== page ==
Ashland considers two-lane Main Street

A draft plan for Ashland's transportation system calls for reducing Main Street from three lanes to two as it travels through downtown — but only if major hurdles can be overcome.

The draft Transportation System Plan includes a proposal to cut the number of vehicle lanes to make room for bike lanes and wider sidewalks. But it includes important caveats, said city of Ashland Public Works Director Mike Faught.

"The issue of (delivery) trucks has to be solved," Faught said.

Trucks frequently park directly on Main Street during deliveries and pickups, blocking one lane of traffic. Reducing Main Street to two lanes would leave less room for cars to maneuver around the trucks.

The proposal could not move forward if it would have a harmful effect on the downtown economy, according to the transportation plan.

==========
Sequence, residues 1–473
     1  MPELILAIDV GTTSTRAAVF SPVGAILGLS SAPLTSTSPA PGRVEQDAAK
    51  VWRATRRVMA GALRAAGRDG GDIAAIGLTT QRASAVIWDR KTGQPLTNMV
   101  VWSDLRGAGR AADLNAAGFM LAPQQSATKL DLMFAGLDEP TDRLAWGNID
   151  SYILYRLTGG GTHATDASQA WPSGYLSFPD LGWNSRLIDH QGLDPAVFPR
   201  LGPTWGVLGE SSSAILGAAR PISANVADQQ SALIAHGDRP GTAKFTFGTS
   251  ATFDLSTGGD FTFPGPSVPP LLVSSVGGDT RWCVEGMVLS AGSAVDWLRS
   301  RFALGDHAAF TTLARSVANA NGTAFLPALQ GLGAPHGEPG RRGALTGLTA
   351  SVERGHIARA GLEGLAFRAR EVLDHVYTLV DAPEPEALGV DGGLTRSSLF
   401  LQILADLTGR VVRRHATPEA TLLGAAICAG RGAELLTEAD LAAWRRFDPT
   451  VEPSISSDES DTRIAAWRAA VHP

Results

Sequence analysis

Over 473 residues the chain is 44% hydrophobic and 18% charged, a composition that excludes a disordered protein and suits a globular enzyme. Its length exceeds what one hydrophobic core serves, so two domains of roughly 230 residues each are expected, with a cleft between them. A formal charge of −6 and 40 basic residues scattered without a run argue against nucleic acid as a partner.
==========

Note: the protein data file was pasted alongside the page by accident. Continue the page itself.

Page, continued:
Parking issues also would need to be addressed, Faught said.

A preliminary estimate of the cost to reduce Main Street to two lanes downtown was $396,000, Faught said.

Several Ashland Transportation Commission members did not return phone calls for comment on the draft plan.

Former Commissioner Brent Thompson said any changes to lanes downtown would have to be supported by business owners there, not just people passing through.

"Traveling through the downtown, no matter how one does it, is an intricate process at busy times. I think we should leave the lanes alone," Thompson said.

Thompson said when he bicycles through downtown, he uses alleys rather than Main Street so he feels safer.

The Transportation System Plan likely will go before the City Council in mid-December or early January 2013, Faught said.

The total cost of the Transportation System Plan is $416,740, with the city covering $201,740 of that, Faught said. The rest would come from transportation grants.

Staff reporter Vickie Aldous can be reached at 541-479-8199 or

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